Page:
Persistent Pain  /  Economic Burden

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    • The annual economic cost of persistent pain in the U.S. is at least $560 to $635 billion (in 2010$).  
    • The estimated annual cost of persistent pain of $560 to $635 billion includes health care costs ($261 to $300 billion) and lost productivity ($299 to $335 billion). However, these…  
    • The annual cost of pain is greater (in 2010$) than the annual cost of heart disease ($309 billion), cancer ($243 billion), and diabetes ($188 billion)–and nearly 30% higher than the…  
    • The cost of lost productivity from persistent pain includes days of work missed ($11.6 to $12.7 billion), hours of work lost ($95.2 to $96.5 billion) and lost wages ($190.6 to…  
    • The economic burden of treating persistent pain that develops from acute pain in a 30-year-old over a lifetime is as much as $1 million.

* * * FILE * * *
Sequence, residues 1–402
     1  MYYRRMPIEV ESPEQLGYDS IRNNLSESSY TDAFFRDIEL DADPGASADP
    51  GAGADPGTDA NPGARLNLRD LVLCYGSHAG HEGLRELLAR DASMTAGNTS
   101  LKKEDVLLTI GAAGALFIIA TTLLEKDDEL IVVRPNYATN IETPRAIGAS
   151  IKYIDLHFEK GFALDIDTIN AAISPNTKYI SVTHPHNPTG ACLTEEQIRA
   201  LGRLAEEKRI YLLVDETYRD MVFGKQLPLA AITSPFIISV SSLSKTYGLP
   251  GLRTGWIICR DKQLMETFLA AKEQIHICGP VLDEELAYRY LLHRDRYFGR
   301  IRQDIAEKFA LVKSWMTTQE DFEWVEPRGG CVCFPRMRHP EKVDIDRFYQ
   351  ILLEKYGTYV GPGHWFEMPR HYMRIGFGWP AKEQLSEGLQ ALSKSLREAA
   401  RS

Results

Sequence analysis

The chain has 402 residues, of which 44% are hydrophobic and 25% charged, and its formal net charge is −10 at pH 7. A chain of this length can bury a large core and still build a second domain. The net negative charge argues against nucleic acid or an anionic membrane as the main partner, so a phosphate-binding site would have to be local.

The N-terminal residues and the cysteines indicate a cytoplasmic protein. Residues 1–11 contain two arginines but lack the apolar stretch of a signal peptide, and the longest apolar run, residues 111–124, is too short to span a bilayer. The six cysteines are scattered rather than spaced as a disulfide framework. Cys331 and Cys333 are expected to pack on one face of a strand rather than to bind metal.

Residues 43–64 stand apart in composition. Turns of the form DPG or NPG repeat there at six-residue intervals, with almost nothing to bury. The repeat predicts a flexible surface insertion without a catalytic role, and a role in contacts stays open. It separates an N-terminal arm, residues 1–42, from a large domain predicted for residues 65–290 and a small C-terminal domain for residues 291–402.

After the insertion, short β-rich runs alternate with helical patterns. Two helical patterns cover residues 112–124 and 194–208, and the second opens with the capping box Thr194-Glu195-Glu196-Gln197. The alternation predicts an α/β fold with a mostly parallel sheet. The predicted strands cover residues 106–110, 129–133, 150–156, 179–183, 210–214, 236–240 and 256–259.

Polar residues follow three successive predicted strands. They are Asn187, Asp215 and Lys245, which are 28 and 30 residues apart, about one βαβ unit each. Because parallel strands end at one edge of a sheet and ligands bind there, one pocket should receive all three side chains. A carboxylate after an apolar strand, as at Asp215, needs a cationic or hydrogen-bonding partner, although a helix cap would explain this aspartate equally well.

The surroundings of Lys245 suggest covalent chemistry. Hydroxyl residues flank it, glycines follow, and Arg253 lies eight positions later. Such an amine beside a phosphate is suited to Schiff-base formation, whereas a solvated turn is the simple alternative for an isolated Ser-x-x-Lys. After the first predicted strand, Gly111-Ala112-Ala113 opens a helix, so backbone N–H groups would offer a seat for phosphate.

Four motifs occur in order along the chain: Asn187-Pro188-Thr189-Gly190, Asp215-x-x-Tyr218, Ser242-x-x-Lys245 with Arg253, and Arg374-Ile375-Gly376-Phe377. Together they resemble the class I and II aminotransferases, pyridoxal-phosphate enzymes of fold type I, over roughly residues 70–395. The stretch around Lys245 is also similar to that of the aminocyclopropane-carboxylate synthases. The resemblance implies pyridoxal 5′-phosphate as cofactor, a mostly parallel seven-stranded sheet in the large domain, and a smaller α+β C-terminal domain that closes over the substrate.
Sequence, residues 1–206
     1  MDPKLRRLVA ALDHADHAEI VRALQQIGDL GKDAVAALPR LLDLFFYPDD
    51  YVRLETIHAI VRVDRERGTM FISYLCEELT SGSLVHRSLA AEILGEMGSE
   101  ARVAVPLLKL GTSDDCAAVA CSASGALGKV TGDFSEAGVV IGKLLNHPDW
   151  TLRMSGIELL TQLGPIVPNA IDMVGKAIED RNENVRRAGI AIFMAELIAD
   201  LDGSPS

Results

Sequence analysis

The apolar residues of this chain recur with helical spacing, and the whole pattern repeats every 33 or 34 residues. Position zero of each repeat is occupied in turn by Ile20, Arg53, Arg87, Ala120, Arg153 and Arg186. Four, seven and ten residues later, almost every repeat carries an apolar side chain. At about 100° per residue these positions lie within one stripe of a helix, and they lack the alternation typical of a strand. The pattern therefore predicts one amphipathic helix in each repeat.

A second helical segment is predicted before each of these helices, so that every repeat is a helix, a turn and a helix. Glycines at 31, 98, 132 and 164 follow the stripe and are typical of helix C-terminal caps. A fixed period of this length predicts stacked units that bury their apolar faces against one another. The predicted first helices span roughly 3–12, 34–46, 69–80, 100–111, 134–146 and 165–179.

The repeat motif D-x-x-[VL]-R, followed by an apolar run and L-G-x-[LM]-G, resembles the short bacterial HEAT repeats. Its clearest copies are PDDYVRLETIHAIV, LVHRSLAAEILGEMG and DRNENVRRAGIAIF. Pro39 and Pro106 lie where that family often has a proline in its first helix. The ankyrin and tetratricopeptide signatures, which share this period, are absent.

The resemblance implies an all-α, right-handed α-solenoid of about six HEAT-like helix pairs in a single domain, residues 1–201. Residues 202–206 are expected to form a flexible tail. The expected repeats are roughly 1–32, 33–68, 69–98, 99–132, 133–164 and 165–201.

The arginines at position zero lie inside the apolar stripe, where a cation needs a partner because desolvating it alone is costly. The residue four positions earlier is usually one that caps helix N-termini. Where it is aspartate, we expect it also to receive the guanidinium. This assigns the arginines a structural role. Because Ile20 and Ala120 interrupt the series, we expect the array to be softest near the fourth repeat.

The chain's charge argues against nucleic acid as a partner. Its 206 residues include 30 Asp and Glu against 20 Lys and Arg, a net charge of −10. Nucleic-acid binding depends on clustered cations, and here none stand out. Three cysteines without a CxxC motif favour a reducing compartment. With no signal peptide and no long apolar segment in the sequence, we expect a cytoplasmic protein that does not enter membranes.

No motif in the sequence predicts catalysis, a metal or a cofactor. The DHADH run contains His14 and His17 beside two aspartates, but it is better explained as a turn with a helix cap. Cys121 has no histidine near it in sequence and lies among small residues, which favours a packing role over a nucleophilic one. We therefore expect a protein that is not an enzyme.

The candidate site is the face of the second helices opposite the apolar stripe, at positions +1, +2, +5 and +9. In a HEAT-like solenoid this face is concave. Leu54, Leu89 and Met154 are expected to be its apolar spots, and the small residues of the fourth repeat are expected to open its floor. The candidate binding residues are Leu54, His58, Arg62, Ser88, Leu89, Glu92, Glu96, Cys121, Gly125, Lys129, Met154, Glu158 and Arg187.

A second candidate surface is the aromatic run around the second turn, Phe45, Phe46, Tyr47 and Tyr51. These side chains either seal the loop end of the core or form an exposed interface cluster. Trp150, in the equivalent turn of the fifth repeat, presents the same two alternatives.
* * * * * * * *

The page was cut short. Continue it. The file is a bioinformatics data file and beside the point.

• The annual cost to society of persistent pain is equal to around $2,000 for every person living in the U.S.  
    • Medicare bears one-fourth of all expenditures for pain-related treatment in the U.S.  
    • The cost of pain to Medicare was $65.3 billion in 2008–14% of all Medicare costs.  
    • Cost of Persistent Pain and Other Major Chronic Conditions in the U.S.  
    • Low back pain alone was estimated to have contributed almost 3% to the total national increase in health care spending from 1987 to 2000.  
    • The annual direct and indirect costs of several pain-related conditions include: $14 billion for migraines Hu et al. 1999, Burden of Migraine in the U.S. $189 billion for arthritis Yelin et al. 2007, Medical…  
    • The annual direct and indirect costs of several pain-related conditions include: $14 billion for migraines Hu et al. 1999, Burden of Migraine in the U.S. $189 billion for arthritis Yelin et al. 2007, Medical…  
    • A person with moderate pain has health care expenditures $4,516 higher than those without pain. A person with severe pain has health care expenditures $3,210 higher than those with…  
    • Persistent back problems reduce financial capacity by reducing wealth accumulation. Over 99% of individuals who are employed full-time have accumulated some wealth at 65 years, whereas only 74% of…